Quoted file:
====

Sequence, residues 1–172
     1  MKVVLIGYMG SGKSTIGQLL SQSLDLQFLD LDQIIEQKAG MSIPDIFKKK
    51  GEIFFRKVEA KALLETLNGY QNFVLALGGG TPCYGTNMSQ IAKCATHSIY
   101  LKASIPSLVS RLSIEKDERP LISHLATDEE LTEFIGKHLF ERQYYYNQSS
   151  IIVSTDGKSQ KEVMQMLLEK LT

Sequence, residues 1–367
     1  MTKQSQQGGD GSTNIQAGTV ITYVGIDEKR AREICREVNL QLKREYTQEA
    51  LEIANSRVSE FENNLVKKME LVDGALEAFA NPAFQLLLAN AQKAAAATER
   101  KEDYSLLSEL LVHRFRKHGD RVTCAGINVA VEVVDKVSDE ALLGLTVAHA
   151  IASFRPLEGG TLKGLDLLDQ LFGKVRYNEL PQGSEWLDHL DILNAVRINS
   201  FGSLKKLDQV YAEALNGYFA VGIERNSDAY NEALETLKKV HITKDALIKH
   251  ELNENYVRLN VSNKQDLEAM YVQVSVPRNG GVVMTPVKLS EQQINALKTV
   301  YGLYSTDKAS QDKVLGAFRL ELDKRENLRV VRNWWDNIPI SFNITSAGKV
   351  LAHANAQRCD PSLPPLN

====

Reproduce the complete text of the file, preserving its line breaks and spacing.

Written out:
Sequence, residues 1–172
     1  MKVVLIGYMG SGKSTIGQLL SQSLDLQFLD LDQIIEQKAG MSIPDIFKKK
    51  GEIFFRKVEA KALLETLNGY QNFVLALGGG TPCYGTNMSQ IAKCATHSIY
   101  LKASIPSLVS RLSIEKDERP LISHLATDEE LTEFIGKHLF ERQYYYNQSS
   151  IIVSTDGKSQ KEVMQMLLEK LT

Sequence, residues 1–367
     1  MTKQSQQGGD GSTNIQAGTV ITYVGIDEKR AREICREVNL QLKREYTQEA
    51  LEIANSRVSE FENNLVKKME LVDGALEAFA NPAFQLLLAN AQKAAAATER
   101  KEDYSLLSEL LVHRFRKHGD RVTCAGINVA VEVVDKVSDE ALLGLTVAHA
   151  IASFRPLEGG TLKGLDLLDQ LFGKVRYNEL PQGSEWLDHL DILNAVRINS
   201  FGSLKKLDQV YAEALNGYFA VGIERNSDAY NEALETLKKV HITKDALIKH
   251  ELNENYVRLN VSNKQDLEAM YVQVSVPRNG GVVMTPVKLS EQQINALKTV
   301  YGLYSTDKAS QDKVLGAFRL ELDKRENLRV VRNWWDNIPI SFNITSAGKV
   351  LAHANAQRCD PSLPPLN